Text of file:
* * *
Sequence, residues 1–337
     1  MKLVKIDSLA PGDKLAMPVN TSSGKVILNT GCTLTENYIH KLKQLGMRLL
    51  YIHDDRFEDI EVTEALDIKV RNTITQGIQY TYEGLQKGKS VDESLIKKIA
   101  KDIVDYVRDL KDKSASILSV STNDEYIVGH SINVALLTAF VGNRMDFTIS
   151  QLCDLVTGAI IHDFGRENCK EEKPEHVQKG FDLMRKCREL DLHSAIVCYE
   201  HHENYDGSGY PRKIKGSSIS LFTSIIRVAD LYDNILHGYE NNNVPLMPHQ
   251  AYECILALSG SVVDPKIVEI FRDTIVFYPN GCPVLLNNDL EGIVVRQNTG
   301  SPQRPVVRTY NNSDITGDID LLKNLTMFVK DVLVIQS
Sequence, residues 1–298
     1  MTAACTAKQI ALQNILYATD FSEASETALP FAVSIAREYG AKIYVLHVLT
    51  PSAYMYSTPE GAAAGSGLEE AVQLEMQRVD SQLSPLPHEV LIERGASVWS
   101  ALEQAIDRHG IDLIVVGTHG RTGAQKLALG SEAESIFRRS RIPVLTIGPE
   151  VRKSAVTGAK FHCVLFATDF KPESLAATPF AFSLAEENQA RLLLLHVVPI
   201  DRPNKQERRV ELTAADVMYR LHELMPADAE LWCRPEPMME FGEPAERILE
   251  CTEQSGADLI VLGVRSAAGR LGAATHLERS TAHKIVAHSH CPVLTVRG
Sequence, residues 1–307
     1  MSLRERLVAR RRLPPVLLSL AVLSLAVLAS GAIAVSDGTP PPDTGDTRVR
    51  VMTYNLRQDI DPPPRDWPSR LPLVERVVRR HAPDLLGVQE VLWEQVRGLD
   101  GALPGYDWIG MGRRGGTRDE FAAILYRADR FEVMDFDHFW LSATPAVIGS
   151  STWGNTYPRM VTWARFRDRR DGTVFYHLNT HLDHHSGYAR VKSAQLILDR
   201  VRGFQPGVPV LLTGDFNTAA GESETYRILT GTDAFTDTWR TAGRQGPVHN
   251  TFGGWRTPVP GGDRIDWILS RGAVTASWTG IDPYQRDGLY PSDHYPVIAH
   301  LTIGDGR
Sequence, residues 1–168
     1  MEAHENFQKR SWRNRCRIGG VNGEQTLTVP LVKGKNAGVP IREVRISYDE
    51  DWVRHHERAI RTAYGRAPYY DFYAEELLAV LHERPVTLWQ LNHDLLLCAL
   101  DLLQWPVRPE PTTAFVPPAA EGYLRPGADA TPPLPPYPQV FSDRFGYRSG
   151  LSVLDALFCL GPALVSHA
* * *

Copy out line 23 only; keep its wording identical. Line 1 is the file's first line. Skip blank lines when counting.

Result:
   301  LTIGDGR